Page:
None of this is surprising, because in issues of craft, Keeble is first-rate. Even his tics enhance his storytelling. He often interrupts a line of dialogue with a few paragraphs of tangent so perfectly suited to the way a mind works that the reader has no trouble following the conversation when it picks up again. Another of his idiosyncratic strengths is that he makes machinery -- tractors, winches, backhoes -- personal. You may not think you care about how to remove a 1,000-pound blown transmission from an International Loadstar tractor-trailer, but after reading "The Transmission," in which three men struggle to do it without killing themselves, you will.

A few of the stories in "Nocturnal America" are less equal than others. The title piece tries to be about too much, and "The Fishers" is also lesser for its breadth. Writers move us most when they go deep, not wide. "I Could Love You (If I Wanted)" stumbles in a different direction. In it, a woman named Lola has lost her job, her mother is dying, her children are young, her lover is married. The familiar is just not strange enough. Still, when Lola unloads her U-Haul trailer by herself, jockeying furniture up the walkway, we feel a pang of sadness and admiration. Nobody should have to move furniture alone, and like so much in "Nocturnal America," it's really something to see.

Bill Meissner's second collection, "The Road to Cosmos," is also grounded in the particularities of a location -- in this instance, the town of Cosmos, Minn. The community has streets called Milky Way Drive and Gemini Avenue, but early on, we learn that it was really named after "some drunken Frenchman named Jacques Cosmeaux, who founded the settlement during the fur-trading years and was eventually killed by the Indians after he raped the chief's daughter."

Our guide through these linked short stories is a character named Skip Corrigan. He's a native son who left and then returned. In the lean and tensile opening effort -- one of a series that appears under the heading "Skip Remembers" -- we learn that in Cosmos, lawns are cut with hand mowers, cops know the names of the speeders they stop and sons do as their fathers tell them. Until, that is, the day they don't. (Although a contentious relationship with one's father is hardly exclusive to men, that aspect of these two collections feels like meaningful coincidence.) To get at this sense of generational conflict, Meissner divides his book into three sections. The first portrays Skip and his friends as they move from adolescents playing dangerous games in the school bathroom to working with explosives at the gunpowder factory, which has reopened because of the war in Vietnam.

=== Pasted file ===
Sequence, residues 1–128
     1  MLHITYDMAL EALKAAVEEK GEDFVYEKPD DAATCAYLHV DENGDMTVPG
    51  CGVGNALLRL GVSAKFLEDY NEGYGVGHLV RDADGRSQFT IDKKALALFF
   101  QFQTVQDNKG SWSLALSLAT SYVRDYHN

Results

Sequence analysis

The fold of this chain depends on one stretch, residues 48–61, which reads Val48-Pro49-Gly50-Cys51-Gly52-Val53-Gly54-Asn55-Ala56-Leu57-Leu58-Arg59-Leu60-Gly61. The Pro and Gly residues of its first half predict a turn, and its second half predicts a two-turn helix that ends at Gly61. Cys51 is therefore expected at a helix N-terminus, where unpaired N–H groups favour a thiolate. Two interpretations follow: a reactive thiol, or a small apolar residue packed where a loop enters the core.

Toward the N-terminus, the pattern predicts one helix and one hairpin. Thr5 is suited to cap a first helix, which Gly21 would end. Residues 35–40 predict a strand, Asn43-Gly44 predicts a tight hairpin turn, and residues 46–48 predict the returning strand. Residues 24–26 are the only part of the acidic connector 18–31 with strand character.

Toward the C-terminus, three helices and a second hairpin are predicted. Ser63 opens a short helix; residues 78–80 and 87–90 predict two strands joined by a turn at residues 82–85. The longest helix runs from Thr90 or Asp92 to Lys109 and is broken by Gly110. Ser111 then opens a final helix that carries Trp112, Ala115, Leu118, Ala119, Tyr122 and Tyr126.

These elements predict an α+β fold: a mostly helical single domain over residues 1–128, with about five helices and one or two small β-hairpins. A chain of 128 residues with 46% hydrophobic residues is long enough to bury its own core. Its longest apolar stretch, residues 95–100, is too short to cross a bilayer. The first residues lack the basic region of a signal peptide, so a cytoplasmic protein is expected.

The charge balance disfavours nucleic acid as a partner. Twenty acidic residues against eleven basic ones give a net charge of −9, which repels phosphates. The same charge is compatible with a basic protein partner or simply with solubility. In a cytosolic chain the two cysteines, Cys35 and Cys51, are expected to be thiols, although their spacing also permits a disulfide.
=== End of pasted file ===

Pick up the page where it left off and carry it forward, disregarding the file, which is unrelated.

Part 2 introduces the town oddballs, including Duane, who builds a Stonehenge out of salvaged cars; Delores, who believes that Elvis is alive; and Stan, who wants to film the inside of a tornado. It's not easy to write believable small-town eccentrics, to steer clear of framing them as one-note. Meissner, for the most part, avoids this trap. "The Road to Cosmos" recalls Sherwood Anderson's "Winesburg, Ohio," even without the author's nod to it in an epigraph, but the people of Cosmos are not as darkly troubled as their predecessors. Meissner shades his work with a lighter palette.

Part 3 is both the shortest and the strongest section of the collection. It's all Skip Corrigan. It's all good. Skip carries the weight of his return to Cosmos well. Older now and father to a young son, Skip sees his own father in a different light, and the stories he tells complete the portrait begun earlier. The language in this section is heightened. The stories are thick with atmosphere. Reading them, it's clear that Meissner, who has also published four books of poetry, is doing what poets do so well -- using fewer words, better words, to tell a whole and vivid tale.

Fathers and sons, gunpowder factories and ranches, cars and cows, dearth and plenty. There's nothing new to write about. These two collections prove there needn't be. *